Our interconnected world
Connected cities, networked cars and smart fridges. A composite mesh of gadgets and components which talk to us over the internet, the Internet of Things (IoT) has been around for some time – albeit in a fragmented fashion.
The 1980s saw thoughts on connecting “everything from home appliances to entire factories” described in the IEEE Spectrum magazine, along with valuable work on vehicle identification from MIT. British technologist Kevin Ashton first coined the IoT term while working at MIT’s “Auto-ID Labs” in 1999.
Abstract visions of amalgamation have prompted huge development in the IoT realm; smart grid technology hopes to pave the way for a truly interconnected world. Gartner estimates that there will be over “20 billion devices” on the Internet of Things by 2020.
However, the technological impact of these developments is already becoming clear; ARIN became exhausted of IPv4 addresses in the summer of 2015. We see how dynamic systems and IoT services have accelerated the world’s transition to IPv6.
Skepticism and concerns
Put aside the mountain of buzzwords and pipe dreams for a moment – with cutting-edge developments come new challenges. IoT has prompted concerns not just in the environmental and societal realms, but in design, privacy and information security.
Likely due to the influx of horrendous Kickstarter IoT projects and vendor malpractice, I remain skeptical as to the benefits of convergence. Even though some smart devices and “Big Data” have credible use cases, IoT is being developed in haste.
Security considerations are being shunted aside in favour of shiny Wi-Fi enabled toasters and motion-sensing DVR units. Malicious actors have prepared for a time where IoT is permeating fields such as healthcare, education and automotives. We must move with the times.
In today’s article, we’re going to look at the Mirai botnet before going over a handful of tips on how you can stay safe.
Mirai: a real-world case study
The website of cybercrime blogger Brian Krebs came under attack on September 20th. A distributed denial-of-service (DDoS) clocking in at 620 Gbps, the attack was “launched almost exclusively by a very large botnet of hacked devices.”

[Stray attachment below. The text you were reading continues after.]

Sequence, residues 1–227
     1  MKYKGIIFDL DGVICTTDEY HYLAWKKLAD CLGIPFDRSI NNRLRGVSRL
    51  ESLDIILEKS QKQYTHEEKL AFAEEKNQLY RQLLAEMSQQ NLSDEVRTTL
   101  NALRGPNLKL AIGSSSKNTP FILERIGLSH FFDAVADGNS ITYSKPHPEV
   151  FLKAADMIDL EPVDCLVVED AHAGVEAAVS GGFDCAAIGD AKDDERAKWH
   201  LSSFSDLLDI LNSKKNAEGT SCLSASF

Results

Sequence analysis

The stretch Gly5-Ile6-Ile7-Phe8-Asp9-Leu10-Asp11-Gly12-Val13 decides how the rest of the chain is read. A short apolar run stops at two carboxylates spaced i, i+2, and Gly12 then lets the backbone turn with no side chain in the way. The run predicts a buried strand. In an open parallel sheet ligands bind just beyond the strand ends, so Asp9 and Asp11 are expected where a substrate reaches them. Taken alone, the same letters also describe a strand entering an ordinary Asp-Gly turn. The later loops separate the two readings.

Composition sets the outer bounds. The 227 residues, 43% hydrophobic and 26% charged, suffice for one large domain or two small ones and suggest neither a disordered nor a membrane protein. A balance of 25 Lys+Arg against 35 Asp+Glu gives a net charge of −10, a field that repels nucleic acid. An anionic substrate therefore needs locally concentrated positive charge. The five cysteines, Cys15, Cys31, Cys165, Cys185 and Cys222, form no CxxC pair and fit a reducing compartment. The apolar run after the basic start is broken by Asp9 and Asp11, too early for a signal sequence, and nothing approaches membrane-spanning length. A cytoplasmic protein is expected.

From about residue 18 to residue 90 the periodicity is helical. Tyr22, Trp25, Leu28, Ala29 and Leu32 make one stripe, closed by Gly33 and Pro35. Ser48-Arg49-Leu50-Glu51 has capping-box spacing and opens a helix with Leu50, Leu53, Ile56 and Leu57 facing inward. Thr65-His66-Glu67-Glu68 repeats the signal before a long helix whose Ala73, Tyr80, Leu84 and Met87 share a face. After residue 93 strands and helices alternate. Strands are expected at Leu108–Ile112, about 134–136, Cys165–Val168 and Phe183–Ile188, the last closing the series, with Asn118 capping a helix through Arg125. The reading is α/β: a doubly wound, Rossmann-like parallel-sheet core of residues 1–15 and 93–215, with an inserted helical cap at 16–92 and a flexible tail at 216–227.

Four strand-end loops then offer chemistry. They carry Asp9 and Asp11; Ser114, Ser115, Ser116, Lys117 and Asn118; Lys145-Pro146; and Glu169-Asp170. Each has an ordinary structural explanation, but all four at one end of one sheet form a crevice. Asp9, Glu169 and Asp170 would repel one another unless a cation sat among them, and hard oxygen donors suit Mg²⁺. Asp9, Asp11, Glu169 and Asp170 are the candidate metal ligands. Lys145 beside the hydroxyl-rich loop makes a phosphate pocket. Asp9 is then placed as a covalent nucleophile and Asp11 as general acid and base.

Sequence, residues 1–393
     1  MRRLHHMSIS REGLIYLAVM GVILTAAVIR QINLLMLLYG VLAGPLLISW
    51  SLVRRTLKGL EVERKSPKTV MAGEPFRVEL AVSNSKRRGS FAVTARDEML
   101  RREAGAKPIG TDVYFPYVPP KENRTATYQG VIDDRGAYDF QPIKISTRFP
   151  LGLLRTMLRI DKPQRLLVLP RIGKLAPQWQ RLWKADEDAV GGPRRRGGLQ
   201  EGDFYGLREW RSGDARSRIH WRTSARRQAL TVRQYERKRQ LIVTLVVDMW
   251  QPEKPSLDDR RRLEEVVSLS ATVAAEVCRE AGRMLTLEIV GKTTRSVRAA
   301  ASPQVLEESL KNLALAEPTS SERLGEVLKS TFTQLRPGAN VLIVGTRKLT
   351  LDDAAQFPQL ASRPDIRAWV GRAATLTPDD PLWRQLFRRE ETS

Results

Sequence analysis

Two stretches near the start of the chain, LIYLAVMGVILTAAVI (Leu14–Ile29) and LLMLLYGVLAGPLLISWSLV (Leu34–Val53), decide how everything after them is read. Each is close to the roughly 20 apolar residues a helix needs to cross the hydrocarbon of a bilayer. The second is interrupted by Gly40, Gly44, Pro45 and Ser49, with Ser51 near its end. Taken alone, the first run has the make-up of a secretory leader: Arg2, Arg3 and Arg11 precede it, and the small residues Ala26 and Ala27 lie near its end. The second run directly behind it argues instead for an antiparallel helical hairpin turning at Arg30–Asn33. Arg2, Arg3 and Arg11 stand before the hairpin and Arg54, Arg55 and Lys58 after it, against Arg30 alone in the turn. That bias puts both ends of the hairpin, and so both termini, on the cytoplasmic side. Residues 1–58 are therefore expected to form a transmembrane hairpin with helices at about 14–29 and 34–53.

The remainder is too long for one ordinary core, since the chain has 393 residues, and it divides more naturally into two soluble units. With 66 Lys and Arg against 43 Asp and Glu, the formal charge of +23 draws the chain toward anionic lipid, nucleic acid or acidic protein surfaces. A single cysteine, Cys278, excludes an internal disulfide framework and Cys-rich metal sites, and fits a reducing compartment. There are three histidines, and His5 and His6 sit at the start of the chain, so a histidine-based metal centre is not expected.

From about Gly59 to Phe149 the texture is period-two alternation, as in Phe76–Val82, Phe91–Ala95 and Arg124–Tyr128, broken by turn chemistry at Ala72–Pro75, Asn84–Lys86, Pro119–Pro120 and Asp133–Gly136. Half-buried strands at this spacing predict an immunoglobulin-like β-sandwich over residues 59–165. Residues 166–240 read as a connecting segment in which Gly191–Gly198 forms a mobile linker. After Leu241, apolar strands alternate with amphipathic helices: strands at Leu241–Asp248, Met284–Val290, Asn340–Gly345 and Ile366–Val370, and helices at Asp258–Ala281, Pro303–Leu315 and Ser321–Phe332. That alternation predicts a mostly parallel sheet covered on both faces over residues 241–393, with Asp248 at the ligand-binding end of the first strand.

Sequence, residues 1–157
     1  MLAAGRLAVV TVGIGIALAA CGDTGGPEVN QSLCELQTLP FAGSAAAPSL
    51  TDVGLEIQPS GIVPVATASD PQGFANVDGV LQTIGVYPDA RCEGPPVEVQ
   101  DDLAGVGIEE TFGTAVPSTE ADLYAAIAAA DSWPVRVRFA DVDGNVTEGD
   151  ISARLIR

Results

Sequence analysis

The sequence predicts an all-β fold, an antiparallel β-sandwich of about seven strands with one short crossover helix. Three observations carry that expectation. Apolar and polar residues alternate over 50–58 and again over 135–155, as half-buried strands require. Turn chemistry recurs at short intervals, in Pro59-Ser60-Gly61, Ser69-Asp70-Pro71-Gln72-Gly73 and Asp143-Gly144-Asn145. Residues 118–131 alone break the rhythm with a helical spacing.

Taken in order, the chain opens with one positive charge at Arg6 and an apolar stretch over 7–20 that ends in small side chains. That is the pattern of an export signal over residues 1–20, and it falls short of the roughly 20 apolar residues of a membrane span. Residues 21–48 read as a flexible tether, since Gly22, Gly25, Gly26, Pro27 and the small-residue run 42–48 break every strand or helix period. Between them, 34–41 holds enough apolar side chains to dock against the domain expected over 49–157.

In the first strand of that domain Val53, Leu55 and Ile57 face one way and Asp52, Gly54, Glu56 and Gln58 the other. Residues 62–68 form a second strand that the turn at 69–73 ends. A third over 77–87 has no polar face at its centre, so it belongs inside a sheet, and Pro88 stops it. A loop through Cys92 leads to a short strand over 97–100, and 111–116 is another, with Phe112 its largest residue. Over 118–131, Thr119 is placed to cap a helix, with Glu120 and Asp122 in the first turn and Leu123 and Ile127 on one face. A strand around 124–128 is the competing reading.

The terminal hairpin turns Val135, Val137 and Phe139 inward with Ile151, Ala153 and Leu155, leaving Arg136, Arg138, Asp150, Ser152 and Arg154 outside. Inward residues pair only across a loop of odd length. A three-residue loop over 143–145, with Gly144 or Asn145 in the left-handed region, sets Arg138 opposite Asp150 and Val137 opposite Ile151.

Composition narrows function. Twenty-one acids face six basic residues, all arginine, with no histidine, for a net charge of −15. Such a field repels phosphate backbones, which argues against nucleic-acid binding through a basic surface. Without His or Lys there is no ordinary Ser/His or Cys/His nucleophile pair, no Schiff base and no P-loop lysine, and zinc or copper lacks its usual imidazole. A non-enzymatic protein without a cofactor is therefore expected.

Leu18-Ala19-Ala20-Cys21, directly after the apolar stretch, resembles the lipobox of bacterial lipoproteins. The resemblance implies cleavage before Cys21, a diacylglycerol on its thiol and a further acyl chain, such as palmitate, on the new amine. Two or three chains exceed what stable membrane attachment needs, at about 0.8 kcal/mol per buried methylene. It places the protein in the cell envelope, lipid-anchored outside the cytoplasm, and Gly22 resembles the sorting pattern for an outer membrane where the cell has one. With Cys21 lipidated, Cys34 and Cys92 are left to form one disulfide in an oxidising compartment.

thanks to all of you who've expressed support and solidarity. yes, the attacks are ongoing. stay tuned.
— briankrebs (@briankrebs) September 22, 2016
From skimmers to spam, Brian’s in-depth research and analysis is always a must-read. It’s great that KrebsOnSecurity is now up and running under the protection of Google’s Project Shield; check out his post on The Democratisation of Censorship for a full discussion.
But just because Krebs managed to secure himself doesn’t mean others could escape Mirai’s wrath.
On Friday, another devastating DDoS attack against the Dyn domain name service disrupted access to some of the world’s most popular websites.
The core botnet behind the attacks is Mirai, named after the Japanese word for “future”; several instances of reference to “anime pop culture” also surfaced in the earlier release of Mirai’s source code.
Researchers such as @MalwareTechBlog, Akamai Security and the team at Incapsula are working hard on comprehensively examining Mirai’s inner workings.
Seeing a large influx of new IPs showing up in our Mirai tracker pic.twitter.com/EkZIh9IaOI
— ScarewareTech (@MalwareTechBlog) October 11, 2016
The Incapsula research is complemented by an array of graphs and diagrams; most notably the map of infected devices ensnared by Mirai. As we have seen, Mirai spreads to smart devices by identifying those with hardcoded credentials, factory default passwords and some vulnerability to classic exploits.
Tips on staying safe
Change default device passwords
Graham Cluley’s article earlier this month on the “60 dumb passwords that can hijack over 500,000 IoT devices” forms the basis of my first tip. If you’ve got any IoT devices at home or work, find out if the default credentials are still in use.
Hopefully the user manual or online documentation provides some insight into how to change these; some devices might have a separate “remote access” password (which allows a malicious actor to log in via SSH).
Avoid a single point of failure
One vulnerable device could allow an attacker to penetrate your home network and pivot to other devices. Keep passwords complex and unique to minimise the effect that a single compromise could have.
Keep your devices at home
If you haven’t got permission from your employer’s IT department, avoid connecting smart devices to the office network. This is a huge shadow IT concern which could lead to major ramifications if an issue arose.
Look out for UPnP
Check for “Universal Plug and Play” features and turn these off. Prevalent on older smart gadgets, UPnP often surfaces as a default option on IoT device web interfaces.
Check software updates and patches
Finally, keep your IoT devices updated with the latest vendor firmware. If you’ve decided to purchase a new smart device, take a moment to check for updates and install anything applicable – avoid opting for “Remind Me Later.”